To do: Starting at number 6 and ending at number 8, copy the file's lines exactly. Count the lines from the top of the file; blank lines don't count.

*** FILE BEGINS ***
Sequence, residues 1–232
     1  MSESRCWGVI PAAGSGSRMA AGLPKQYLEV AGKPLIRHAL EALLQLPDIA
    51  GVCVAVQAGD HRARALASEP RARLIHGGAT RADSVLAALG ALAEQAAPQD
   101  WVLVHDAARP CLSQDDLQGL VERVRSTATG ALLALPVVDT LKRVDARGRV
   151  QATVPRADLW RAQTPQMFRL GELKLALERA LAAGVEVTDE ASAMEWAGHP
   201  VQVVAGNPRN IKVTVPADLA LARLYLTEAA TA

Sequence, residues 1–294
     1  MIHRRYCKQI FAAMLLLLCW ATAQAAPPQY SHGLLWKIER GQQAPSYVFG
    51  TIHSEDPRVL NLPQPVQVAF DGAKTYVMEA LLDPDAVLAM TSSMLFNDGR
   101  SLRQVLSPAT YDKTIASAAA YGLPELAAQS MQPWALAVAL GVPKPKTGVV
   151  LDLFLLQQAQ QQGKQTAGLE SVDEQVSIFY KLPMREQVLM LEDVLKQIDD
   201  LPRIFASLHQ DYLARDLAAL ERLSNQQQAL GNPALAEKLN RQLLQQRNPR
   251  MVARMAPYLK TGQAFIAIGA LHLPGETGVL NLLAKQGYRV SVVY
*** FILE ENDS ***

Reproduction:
   201  VQVVAGNPRN IKVTVPADLA LARLYLTEAA TA

Sequence, residues 1–294
     1  MIHRRYCKQI FAAMLLLLCW ATAQAAPPQY SHGLLWKIER GQQAPSYVFG